Check out my latest cover story in 21cryptos magazine. I spoke with a couple of experts who were approaching crypto from different philosophies and found they both came to a remarkably similar conclusion. Plus analysis with behavior economics, 4chan/biz mythology and tiny bubble lore.
Amy and I were selected as 2017 Art 365 artists by the Oklahoma Visual Arts Coalition.
Art 365 is an exhibition from the Oklahoma Visual Arts Coalition which offers five Oklahoma artists a year and $12,000 to create innovative artwork in collaboration with a nationally recognized curator. The artists work with a guest curator for one year to create a body of original artwork for the exhibition.
Grand Theory of Everything
by James McGirk
Amazon Digital Services (e-book)
Perhaps “strange chemicals”, and large quantities of alcohol, have affected the way James McGirk thinks. For A Grand Theory of Everything is odd – deep but also shallow, and meaningless, unless you too have careened through life trying to make sense of stuff. That will include many, although few will have had his upbringing, living as a “princeling”. As an Anglo-American teenager growing up in New Delhi with journalist parents, his was a third-culture existence, heightened by hard drugs, which he took to expand his mind and become a psychedelic astronaut. Then, everything was like an onion, wrapped around a core of nothingness. His theory of everything shifts when he encounters Colonel John Boyd, developer of the OODA loop, which stands for Observe, Orient, Decide and Act. The premise is that by acting faster than an opponent you will appear unpredictable to them and have the upper hand. Readers will wonder whether this Kindle Single was the result of a bad trip.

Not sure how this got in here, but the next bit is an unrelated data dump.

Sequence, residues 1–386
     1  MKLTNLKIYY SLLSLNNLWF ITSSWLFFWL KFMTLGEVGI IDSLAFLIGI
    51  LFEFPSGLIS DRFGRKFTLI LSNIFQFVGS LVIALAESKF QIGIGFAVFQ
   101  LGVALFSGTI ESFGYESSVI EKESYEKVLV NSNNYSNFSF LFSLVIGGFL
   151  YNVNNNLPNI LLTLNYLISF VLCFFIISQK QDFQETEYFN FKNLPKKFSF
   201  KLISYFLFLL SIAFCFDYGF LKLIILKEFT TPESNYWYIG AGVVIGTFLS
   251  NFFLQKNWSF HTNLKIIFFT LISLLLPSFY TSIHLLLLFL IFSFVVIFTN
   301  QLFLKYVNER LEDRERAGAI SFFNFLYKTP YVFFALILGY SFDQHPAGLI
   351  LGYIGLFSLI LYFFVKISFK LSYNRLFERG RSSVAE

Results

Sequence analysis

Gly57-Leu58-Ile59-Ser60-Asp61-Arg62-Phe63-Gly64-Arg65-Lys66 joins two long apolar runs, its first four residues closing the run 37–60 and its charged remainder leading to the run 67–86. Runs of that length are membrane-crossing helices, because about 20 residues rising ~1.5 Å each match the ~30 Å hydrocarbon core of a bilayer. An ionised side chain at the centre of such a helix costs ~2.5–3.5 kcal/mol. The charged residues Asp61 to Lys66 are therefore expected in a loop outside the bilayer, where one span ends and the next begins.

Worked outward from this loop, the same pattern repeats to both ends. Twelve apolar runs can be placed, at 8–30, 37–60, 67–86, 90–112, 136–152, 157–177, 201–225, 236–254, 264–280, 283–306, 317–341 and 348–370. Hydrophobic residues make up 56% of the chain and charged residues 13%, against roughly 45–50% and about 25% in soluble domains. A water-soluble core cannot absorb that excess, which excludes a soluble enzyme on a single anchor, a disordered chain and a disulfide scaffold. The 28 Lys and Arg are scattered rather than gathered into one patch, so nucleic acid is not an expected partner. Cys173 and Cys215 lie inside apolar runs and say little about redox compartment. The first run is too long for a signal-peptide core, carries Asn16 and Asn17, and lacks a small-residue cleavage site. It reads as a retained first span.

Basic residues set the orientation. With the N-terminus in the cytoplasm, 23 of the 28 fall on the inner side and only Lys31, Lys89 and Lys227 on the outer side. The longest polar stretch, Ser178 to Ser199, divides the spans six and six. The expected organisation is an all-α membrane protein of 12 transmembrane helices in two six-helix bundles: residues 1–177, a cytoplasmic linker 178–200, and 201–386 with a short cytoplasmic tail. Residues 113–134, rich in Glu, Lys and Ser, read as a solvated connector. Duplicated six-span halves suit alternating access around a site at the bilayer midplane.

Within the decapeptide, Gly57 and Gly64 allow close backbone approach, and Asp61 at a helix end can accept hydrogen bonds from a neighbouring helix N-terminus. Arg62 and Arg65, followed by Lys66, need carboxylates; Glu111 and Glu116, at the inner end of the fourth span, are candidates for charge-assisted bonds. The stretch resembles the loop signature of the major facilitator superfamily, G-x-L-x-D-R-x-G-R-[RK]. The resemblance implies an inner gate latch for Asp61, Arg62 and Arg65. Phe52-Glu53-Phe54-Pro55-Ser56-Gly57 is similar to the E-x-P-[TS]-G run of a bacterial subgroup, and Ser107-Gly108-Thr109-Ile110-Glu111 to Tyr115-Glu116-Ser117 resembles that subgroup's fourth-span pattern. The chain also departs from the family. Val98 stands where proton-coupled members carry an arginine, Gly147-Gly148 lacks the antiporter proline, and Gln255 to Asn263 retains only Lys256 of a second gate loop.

The Explorer’s Club headquarters fill a five-story Jacobean townhouse on East 70th Street in Manhattan. The inside looks lifted from the opening scenes of an Indiana Jones movie: Wood panels, stuffed leopards snarling, mounted expedition flags, and photographs of triumphant explorers line the walls. Founded in 1904, the Club has twenty-six chapters all over the world. To become a full-fledged member, you must “carry out or assist in field science expeditions to study unknown or little known destinations or phenomena in order to gain knowledge for humankind.”
William Gibson is a magpie and a seer. His father poured concrete for the foundations of hidden military installations while he hoarded fragments of a future he hoped would scoop him from the sticks and deliver him a life worthy of his probing, greedy brain. Gibson moved to Canada to dodge the draft, became a grad student, then a writer—a cyberpunk, writing hard-boiled, media-savvy stuff that thumbed its nose at fat boring space operas starring silver-suited princelings.